(Note: Having access to the internet will be helpful when reading this column.)
With respect to hurricanes, have you ever heard of the “forecast cone”? Well, I’m going to tell you where to find it, and how to interpret it, because it instantly clarifies where a hurricane is heading.
The National Hurricane Center issues a “forecast cone” graphic whenever they are monitoring a tropical depression, a tropical storm or a hurricane. The shape of the cone describes the projected potential paths, while the line running down the center has letters inside circles which relate to the projected intensity along the storm’s projected path.
More on that in a bit. Google “Hurricane Charley forecast cone,” then “images,” then click on the one in the upper left. Next, click on that same image in the upper right, and you will be taken to a report, where you’ll find a larger version of the image on page 4.
Charley was “Exhibit A” as to why anyone within the forecast cone must be prepared. The centerline within the cone went right toward Tampa Bay. However, while still remaining within the forecast cone, Charley turned right as it rapidly intensified, and made landfall farther south down the coast as a very small but very ferocious hurricane.
People said meteorologists missed the forecast because the storm did not strike Tampa Bay. But it did impact the coastline within the forecast cone.
I urge you to google “Hurricane Charley RaceTrac.” Just watch the 37-second video with sound up. When it suddenly sounds like a jet engine, those are gusts around 145 mph.
While a forecast cone contains the current projected range of path possibilities of the storm’s center, it does not show the size (diameter) of the storm, and that’s very important with respect to storm surge. A larger diameter storm can drive a lot of water toward the coast, even if, like Sandy in 2012, it is “only” a category 1 hurricane. So storm surge is not just a function of hurricane wind speed, it is also a function of hurricane size.
Storm surge is the vertical rise in water levels above normally dry ground. Visualize being in a swimming pool and extending your arm all the way out and then moving it forward. You’re able to move a lot of water that way. Compare that to trying to move water by just flipping your wrist while cupping your hand. The “arm all the way out” example would be the large-diameter hurricane.
A larger diameter hurricane will produce storm surge along a longer stretch of coastline. However, it’s important to note that a hurricane does not need to have a large diameter to be incredibly destructive. Camille in 1969 is a great example of that. Camille was a small hurricane, but it was extremely intense, and generated a 24 foot storm surge on the Mississippi Gulf Coast, along with winds which gusted to 190 mph.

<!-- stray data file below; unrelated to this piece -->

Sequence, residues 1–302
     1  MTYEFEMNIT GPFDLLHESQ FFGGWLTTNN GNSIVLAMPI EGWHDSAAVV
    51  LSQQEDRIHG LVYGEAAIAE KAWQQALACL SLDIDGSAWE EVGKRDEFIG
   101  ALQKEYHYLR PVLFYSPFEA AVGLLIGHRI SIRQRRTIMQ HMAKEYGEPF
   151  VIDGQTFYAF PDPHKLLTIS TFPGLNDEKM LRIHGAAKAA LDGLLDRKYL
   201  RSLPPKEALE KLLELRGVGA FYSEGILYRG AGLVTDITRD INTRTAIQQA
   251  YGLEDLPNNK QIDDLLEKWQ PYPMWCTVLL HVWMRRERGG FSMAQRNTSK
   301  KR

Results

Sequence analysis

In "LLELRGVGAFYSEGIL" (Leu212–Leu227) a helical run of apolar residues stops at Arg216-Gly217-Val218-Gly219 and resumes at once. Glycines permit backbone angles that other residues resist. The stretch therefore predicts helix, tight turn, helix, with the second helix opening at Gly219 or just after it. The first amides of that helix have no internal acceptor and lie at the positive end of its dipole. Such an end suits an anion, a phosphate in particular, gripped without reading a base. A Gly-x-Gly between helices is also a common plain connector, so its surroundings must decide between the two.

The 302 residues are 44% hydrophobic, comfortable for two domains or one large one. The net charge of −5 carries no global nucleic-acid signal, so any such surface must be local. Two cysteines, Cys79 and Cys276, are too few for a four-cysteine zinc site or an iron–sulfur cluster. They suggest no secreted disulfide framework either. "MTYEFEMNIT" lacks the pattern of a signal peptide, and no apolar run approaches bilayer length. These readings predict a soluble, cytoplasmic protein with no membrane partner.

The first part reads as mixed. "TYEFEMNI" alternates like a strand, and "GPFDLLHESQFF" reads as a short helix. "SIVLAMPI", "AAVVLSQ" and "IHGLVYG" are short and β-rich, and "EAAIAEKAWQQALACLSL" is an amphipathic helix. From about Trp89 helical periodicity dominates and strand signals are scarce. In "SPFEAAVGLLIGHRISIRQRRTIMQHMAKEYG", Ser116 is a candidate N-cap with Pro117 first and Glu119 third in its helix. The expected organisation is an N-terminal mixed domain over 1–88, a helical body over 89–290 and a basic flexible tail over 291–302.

Back again to the forecast cone. The solid white part of the cone is the National Hurricane Center’s forecast of path possibilities out through three days. The edges of the cone represent the range of possibilities. The storm might track along the right edge, right down the center, or on the left edge. This is why the National Hurricane Center always tells folks not to focus on the centerline track.
The part of the cone that is not solid white shows the forecast out through days four and five.
Now let’s address the letters inside the circles that relate to the storm’s intensity. Along the centerline within the forecast cone, you might come across the letters D, S, H or M. They stand for tropical depression, tropical storm (the point at which a name is assigned), hurricane and major hurricane (Categories 3, 4 and 5). In common usage, all of these are based solely on wind speed. A tropical depression is upgraded to a tropical storm when the sustained winds reach 39 mph. A tropical storm is upgraded to a Cat 1 hurricane when the sustained wind reaches 74 mph. A hurricane is called a major hurricane when the sustained winds reach 111 mph. A category 5 hurricane contains sustained winds of 157 mph or stronger.
Remember, anytime there is a tropical system, starting with a tropical depression, the National Hurricane Center will issue a forecast cone graphic, along with their other forecast products. Just Google “NHC” for the center’s home page. Once you click on a storm they are monitoring, you’ll find the cone as the fifth graphic in from the left on the top row of icons. Under it, it will read “warnings/cone” and under that it will read, “static images.”
Once you’ve clicked on a storm, on the top line you’ll see “public advisory,” and then, fourth over, “forecast discussion.” They both are excellent. The discussion is pretty technical, but it is a fun read if you are really into weather. And here in the “big sky country of the East,” I think a lot of people are.
Ted Shapiro holds the Broadcast Seal of Approval from both the American Meteorological Society and the National Weather Association. An Alexandria, Va. native, he has been chief meteorologist at WAGM-TV since 2006. Email him at email@example.com.